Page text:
(13) Replacing side windows where that work does not interfere with the structure or any operating system such as controls, electrical equipment, etc.

(14) Replacing safety belts.

(15) Replacing seats or seat parts with replacement parts approved for the aircraft, not involving disassembly of any primary structure or operating system.

(16) Trouble shooting and repairing broken circuits in landing light wiring circuits.

(17) Replacing bulbs, reflectors, and lenses of position and landing lights.


(18) Replacing wheels and skis where no weight and balance computation is involved.

(19) Replacing any cowling not requiring removal of the propeller or disconnection of flight controls.

(20) Replacing or cleaning spark plugs and setting of spark plug gap clearance.

(21) Replacing any hose connection except hydraulic connections.

(22) Replacing prefabricated fuel lines.

(23) Cleaning or replacing fuel and oil strainers or filter elements.

(24) Replacing and servicing batteries.

(25) Cleaning of balloon burner pilot and main nozzles in accordance with the balloon manufacturer's instructions.

(26) Replacement or adjustment of nonstructural standard fasteners incidental to operations.

(27) The interchange of balloon baskets and burners on envelopes when the basket or burner is designated as interchangeable in the balloon type certificate data and the baskets and burners are specifically designed for quick removal and installation.

(28) The installations of anti-misfueling devices to reduce the diameter of fuel tank filler openings provided the specific device has been made a part of the aircraft type certificiate data by the aircraft manufacturer, the aircraft manufacturer has provided FAA-approved instructions for installation of the specific device, and installation does not involve the disassembly of the existing tank filler opening.

(29) Removing, checking, and replacing magnetic chip detectors.

(30) The inspection and maintenance tasks prescribed and specifically identified as preventive maintenance in a primary category aircraft type certificate or supplemental type certificate holder's approved special inspection and preventive maintenance program when accomplished on a primary category aircraft provided:

(i) They are performed by the holder of at least a private pilot certificate issued under part 61 who is the registered owner (including co-owners) of the affected aircraft and who holds a certificate of competency for the affected aircraft (1) issued by a school approved under § 147.21(e) of this chapter; (2) issued by the holder of the production certificate for that primary category aircraft that has a special training program approved under § 21.24 of this subchapter; or (3) issued by another entity that has a course approved by the Administrator; and

(ii) The inspections and maintenance tasks are performed in accordance with instructions contained by the special inspection and preventive maintenance program approved as part of the aircraft's type design or supplemental type design.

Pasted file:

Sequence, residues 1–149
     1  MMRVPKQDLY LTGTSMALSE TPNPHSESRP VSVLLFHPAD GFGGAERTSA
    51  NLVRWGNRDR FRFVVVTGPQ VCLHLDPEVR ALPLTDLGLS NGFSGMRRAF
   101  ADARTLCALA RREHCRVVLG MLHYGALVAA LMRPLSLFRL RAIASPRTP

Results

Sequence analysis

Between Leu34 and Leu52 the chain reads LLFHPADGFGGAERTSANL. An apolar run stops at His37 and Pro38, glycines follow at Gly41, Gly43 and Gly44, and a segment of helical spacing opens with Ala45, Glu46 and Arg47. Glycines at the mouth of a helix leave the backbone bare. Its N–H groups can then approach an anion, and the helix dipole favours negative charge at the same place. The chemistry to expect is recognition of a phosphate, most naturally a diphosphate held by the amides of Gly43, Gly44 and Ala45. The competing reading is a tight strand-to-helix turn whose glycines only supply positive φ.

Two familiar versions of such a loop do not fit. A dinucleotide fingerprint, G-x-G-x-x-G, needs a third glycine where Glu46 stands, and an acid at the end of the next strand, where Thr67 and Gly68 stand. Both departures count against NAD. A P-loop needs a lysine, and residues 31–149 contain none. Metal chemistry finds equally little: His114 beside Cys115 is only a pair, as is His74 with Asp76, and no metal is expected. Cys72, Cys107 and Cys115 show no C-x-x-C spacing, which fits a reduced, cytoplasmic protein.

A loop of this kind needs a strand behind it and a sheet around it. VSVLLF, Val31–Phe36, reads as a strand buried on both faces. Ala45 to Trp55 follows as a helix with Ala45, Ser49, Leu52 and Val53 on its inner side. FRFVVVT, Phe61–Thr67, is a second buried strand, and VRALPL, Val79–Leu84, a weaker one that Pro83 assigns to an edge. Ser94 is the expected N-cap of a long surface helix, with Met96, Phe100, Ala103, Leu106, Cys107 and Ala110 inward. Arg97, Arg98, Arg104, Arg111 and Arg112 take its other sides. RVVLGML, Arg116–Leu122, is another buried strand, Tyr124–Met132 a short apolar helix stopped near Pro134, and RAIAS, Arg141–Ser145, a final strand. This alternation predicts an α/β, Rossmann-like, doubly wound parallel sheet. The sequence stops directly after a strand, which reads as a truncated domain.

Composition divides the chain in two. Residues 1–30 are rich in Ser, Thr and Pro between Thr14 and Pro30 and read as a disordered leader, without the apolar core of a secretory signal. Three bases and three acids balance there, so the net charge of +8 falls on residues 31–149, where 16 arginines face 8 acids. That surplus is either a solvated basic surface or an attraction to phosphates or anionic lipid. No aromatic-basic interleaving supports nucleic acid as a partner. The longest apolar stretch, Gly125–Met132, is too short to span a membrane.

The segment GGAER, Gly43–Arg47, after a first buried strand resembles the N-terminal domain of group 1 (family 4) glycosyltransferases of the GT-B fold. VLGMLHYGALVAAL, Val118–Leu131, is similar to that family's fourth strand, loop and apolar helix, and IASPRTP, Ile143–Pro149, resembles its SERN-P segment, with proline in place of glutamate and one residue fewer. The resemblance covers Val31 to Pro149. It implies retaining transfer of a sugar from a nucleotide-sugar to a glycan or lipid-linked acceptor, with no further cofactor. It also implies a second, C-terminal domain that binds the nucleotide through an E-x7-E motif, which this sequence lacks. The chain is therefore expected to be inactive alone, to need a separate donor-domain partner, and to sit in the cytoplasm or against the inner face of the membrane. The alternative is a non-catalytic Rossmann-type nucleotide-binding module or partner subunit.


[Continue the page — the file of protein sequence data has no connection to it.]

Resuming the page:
(31) Removing and replacing self-contained, front instrument panel-mounted navigation and communication devices that employ tray-mounted connectors that connect the unit when the unit is installed into the instrument panel, (excluding automatic flight control systems, transponders, and microwave frequency distance measuring equipment (DME)). The approved unit must be designed to be readily and repeatedly removed and replaced, and pertinent instructions must be provided. Prior to the unit's intended use, and operational check must be performed in accordance with the applicable sections of part 91 of this chapter.



In a perfect world and given the two items in red above, you *could* interpret what you intend to do as simply "Replacing bulbs, reflectors, and lenses of position and landing lights" and "Trouble shooting and repairing broken circuits in landing light wiring circuits". That would pretty much cover the new LED lighting unit as well as the wiring. Just be sure the wiring is "broken" when you "start". And I think it would fall under the original statutory intent.

The problem with that interpretation is the STC. You can't submit the STC with the 337 form as an owner/pilot, nor can you call a change requiring an STC to be "preventative maintenance". It would also be disqualified if the new unit results in any weight and balance change. As Bob says its a "minor alteration" at most, but the FAA is really pushing for STCs when ever possible, and in fact won't approve a 337 if it's using the same basis for approval as an existing 337. They want to protect the financial interests of whoever offers the STC. That's a result of Owners and A&Ps using the information in the STC to do the alteration, but then not paying the holder of the STC.

Still, I'm not real clear why LED light installations require an STC or even a minor alteration, rather than just meeting a TSO standard. For example, you can replace your tires with different TSO approved tires listed on the TCDS, provided there isn't a weight and balance change. Why doesn't the same logic apply to an "approved" landing light?
I believe this FAA interpretation says ”the 30 item list” is representative only and is not meant to cover everything the owner is allowed to do.


Lee
 

aftCG

Well-known member
Joined
Apr 3, 2018
Messages
442
Location
Tacoma, WA
I don't understand the red arc. I've seen yellow arcs as "avoid operation blah, blah" but anytime I dig into it that yellow arc is usually associated with specific propeller installations. My own tach has a yellow arc but I just looked at a picture and it is between 2600 and 2700.

Man, a restriction from 2000 to 2250 would wipe out my most efficient cruise speed!

As for owner maintenance items, the list has always amused me. I can't move my turn coordinator over one hole by myself, but I can do my own wheel bearings. One of those tasks requires actual mechanic knowledge and more than just a screw driver. That same task is the one that could have a bad outcome if done poorly.
 

Big Ed

N50247 - '79 Super D
Joined
Jul 20, 2020
Messages
387
Location
Tampa, FL
I don't understand the red arc. I've seen yellow arcs as "avoid operation blah, blah" but anytime I dig into it that yellow arc is usually associated with specific propeller installations. My own tach has a yellow arc but I just looked at a picture and it is between 2600 and 2700.
Red arc means don't fly like that. Potential severe vibration with the engine/prop combination. Even at 2400 the vibration can be noticeable and uncomfortable at higher MP settings.